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Mahlangu J.,Comprehensive Care | Powell J.S.,University of California at Davis | Ragni M.V.,University of Pittsburgh | Chowdary P.,Royal Free Hospital | And 24 more authors.
Blood | Year: 2014

This phase 3 pivotal study evaluated the safety, efficacy, and pharmacokinetics of a recombinant FVIII Fc fusion protein (rFVIIIFc) for prophylaxis, treatment of acute bleeding, and perioperative hemostatic control in 165 previously treated males aged ≥12 years with severe hemophilia A. The study had 3 treatment arms: arm 1, individualized prophylaxis (25-65 IU/kg every 3-5 days, n = 118); arm 2, weekly prophylaxis (65 IU/kg, n = 24); and arm 3, episodic treatment (10-50 IU/kg, n = 23). a subgroup compared recombinant FVIII (rFVIII) and rFVIIIFc pharmacokinetics. End points included annualized bleeding rate (ABR), inhibitor development, and adverse events. The terminal half-life of rFVIIIFc (19.0 hours) was extended 1.5-foldvsrFVIII (12.4 hours; P <.001). Median ABRs observed in arms 1, 2, and 3 were 1.6, 3.6, and 33.6, respectively. In arm 1, the median weekly dose was 77.9 IU/kg; approximately 30% of subjects achieved a 5-day dosing interval (last 3 months on study). Across arms, 87.3% of bleeding episodes resolved with 1 injection. Adverse events were consistent with those expected in this population; no subjects developed inhibitors. rFVIIIFc was well-tolerated, had a prolonged half-life compared with rFVIII, and resulted in low ABRs when dosed prophylactically 1 to 2 times per week. This trial was registered at www.clinicaltrials.gov as #NCT01181128. © 2014 by The American Society of Hematology.


Nishiwaki M.,Ogikubo Hospital | Tazaki K.,Ogikubo Hospital | Shimizu H.,Ogikubo Hospital | Ilyas A.M.,Thomas Jefferson University
Journal of Bone and Joint Surgery - Series A | Year: 2011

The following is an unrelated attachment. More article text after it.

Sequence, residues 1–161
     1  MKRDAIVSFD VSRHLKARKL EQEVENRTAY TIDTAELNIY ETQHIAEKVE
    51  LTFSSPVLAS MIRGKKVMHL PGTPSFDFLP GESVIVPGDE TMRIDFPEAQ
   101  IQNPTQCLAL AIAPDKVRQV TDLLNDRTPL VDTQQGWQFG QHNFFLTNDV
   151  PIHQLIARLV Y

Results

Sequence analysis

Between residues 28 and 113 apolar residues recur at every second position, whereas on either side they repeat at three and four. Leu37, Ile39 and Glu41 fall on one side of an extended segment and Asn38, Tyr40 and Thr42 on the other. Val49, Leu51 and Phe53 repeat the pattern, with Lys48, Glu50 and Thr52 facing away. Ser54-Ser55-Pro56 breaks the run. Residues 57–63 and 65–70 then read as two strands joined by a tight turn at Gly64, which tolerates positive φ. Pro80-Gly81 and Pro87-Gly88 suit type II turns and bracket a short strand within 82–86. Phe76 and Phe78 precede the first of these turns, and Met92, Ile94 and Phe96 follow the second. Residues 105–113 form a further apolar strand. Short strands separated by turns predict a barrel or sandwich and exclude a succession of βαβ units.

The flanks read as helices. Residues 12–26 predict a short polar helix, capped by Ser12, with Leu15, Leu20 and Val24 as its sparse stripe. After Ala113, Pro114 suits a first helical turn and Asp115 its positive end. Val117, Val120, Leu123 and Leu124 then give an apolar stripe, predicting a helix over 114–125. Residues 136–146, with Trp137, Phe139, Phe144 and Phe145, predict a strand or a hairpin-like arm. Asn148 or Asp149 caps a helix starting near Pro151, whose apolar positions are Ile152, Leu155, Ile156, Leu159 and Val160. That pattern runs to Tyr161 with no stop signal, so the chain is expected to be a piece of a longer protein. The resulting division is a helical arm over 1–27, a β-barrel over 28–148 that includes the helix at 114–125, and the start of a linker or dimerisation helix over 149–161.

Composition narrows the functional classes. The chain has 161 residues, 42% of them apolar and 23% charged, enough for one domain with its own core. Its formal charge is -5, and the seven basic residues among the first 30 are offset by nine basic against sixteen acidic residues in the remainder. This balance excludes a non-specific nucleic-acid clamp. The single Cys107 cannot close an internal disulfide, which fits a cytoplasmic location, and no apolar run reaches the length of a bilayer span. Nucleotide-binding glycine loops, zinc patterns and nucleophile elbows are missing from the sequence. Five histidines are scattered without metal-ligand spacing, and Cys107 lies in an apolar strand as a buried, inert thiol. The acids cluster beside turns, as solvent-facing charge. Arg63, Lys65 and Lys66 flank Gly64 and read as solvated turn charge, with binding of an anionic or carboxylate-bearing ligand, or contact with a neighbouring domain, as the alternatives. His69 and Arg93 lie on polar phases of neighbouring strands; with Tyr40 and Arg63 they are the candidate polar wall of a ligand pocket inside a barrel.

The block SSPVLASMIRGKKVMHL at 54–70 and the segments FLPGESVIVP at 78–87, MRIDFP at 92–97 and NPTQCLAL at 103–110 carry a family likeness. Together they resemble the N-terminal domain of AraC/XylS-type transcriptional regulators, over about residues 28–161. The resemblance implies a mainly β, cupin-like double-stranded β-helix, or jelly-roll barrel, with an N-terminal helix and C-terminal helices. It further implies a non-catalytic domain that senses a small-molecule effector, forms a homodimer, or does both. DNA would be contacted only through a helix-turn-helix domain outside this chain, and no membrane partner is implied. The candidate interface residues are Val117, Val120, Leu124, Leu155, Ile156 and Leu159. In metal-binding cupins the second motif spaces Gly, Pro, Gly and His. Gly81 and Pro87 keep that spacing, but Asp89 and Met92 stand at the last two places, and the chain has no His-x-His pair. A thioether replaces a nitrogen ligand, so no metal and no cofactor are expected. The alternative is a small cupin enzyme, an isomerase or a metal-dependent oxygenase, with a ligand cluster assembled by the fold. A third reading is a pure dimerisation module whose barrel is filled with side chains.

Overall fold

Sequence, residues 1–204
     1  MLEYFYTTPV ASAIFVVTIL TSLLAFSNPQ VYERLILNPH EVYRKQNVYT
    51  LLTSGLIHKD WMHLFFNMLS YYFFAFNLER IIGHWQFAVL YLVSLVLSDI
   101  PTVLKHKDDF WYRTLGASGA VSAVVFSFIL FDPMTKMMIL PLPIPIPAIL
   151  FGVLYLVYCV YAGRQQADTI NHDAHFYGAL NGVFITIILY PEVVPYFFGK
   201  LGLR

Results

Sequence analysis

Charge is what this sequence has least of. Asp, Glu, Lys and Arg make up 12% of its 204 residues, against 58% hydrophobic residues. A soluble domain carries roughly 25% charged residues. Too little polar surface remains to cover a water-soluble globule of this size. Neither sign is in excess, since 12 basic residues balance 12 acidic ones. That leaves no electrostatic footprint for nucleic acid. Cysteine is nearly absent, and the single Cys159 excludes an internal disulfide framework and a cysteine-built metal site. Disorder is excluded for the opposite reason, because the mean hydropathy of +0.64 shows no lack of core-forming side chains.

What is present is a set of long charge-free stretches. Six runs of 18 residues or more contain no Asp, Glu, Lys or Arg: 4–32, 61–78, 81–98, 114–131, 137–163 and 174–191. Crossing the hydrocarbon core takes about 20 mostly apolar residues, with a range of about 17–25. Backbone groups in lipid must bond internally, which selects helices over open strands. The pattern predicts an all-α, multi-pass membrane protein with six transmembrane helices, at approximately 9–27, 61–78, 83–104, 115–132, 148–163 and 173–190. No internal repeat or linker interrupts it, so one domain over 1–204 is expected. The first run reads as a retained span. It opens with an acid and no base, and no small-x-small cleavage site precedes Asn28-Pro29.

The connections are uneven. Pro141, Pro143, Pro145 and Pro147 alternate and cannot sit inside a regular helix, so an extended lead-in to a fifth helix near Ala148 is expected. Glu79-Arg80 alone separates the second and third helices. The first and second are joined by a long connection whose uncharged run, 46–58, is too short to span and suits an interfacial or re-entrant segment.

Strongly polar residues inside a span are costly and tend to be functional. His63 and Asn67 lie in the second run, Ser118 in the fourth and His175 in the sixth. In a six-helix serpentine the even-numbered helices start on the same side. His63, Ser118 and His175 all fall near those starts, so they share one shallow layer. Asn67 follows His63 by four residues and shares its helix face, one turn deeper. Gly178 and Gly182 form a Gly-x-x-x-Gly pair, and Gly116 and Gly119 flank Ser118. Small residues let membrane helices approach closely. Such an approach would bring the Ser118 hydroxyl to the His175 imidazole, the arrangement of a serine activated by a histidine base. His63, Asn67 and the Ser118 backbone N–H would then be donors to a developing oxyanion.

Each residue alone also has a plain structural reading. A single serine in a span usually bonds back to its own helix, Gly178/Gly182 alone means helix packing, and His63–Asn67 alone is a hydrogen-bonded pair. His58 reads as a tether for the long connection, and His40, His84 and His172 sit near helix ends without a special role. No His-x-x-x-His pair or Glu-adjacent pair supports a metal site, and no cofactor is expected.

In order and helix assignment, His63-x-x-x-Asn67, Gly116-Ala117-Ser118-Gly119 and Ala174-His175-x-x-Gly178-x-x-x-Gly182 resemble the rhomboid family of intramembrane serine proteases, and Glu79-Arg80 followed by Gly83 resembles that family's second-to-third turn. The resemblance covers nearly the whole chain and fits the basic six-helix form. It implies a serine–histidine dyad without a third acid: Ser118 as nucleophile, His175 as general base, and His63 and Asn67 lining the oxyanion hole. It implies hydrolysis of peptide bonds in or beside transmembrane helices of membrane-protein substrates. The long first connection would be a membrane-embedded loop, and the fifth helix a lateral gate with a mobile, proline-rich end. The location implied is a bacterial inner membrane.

Background: Intramedullary nailing for the treatment of unstable distal radial fractures is reported to provide stable fixation with minimal soft-tissue complications, but there is a paucity of data documenting the results of this technique. The purpose of this study was to prospectively determine the functional outcomes of treatment of unstable distal radial fractures with an intramedullary nail. Methods: Patients aged fifty years and older with a dorsally displaced unstable distal radial fracture - an extra-articular or simple intra-articular fracture - that was amenable to closed or percutaneous reduction were offered treatment with intramedullary nail fixation (MICRONAIL). Thirty-one patients were enrolled in the study, and twenty-nine patients with a mean age of sixty-seven years (range, fifty-one to eighty-five years) were available for one-year follow-up. According to the AO classification, there was one type-A2, twenty-four type-A3, and four type-C2 distal radial fractures. The patients were evaluated at six weeks, three months, six months, and one year after surgery. Outcome measures included standard radiographic parameters, active wrist range of motion, grip strength, a modified Mayo wrist score, and the Disabilities of the Arm, Shoulder and Hand (DASH) questionnaire. Results: At the final one-year follow-up evaluation, the active range of motion of the injured wrist relative to that on the uninjured side averaged 95% of flexion, 95% of extension, 93% of ulnar deviation, 91% of radial deviation, 99% of pronation, and 99% of supination. The mean grip strength was 96% of that on the uninjured side. According to the modified Mayo wrist score, there were twenty excellent and nine good results. The mean DASH score was 4.8 points. The final radiographic measurements demonstrated, on average, 25° of radial inclination, 11° of volar tilt, 10 mm of radial length, and +1 mm of ulnar variance. Loss of reduction occurred in two patients. One patient developed transient superficial radial sensory neuritis, which resolved within two months. Conclusions: Intramedullary nailing can be a safe and effective treatment with minimal complications for dorsally displaced unstable extra-articular or simple intra-articular distal radial fractures. Level of Evidence: Therapeutic Level IV. See Instructions to Authors for a complete description of levels of evidence. Copyright © 2011 by The Journal of Bone and Joint Surgery, Incorporated.